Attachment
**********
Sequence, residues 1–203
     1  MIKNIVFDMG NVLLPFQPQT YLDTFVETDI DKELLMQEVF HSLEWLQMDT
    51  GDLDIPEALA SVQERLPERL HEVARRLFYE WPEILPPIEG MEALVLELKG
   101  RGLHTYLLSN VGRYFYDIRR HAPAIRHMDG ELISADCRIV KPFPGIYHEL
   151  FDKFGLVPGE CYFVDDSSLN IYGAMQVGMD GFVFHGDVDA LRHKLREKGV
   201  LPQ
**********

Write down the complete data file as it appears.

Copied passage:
Sequence, residues 1–203
     1  MIKNIVFDMG NVLLPFQPQT YLDTFVETDI DKELLMQEVF HSLEWLQMDT
    51  GDLDIPEALA SVQERLPERL HEVARRLFYE WPEILPPIEG MEALVLELKG
   101  RGLHTYLLSN VGRYFYDIRR HAPAIRHMDG ELISADCRIV KPFPGIYHEL
   151  FDKFGLVPGE CYFVDDSSLN IYGAMQVGMD GFVFHGDVDA LRHKLREKGV
   201  LPQ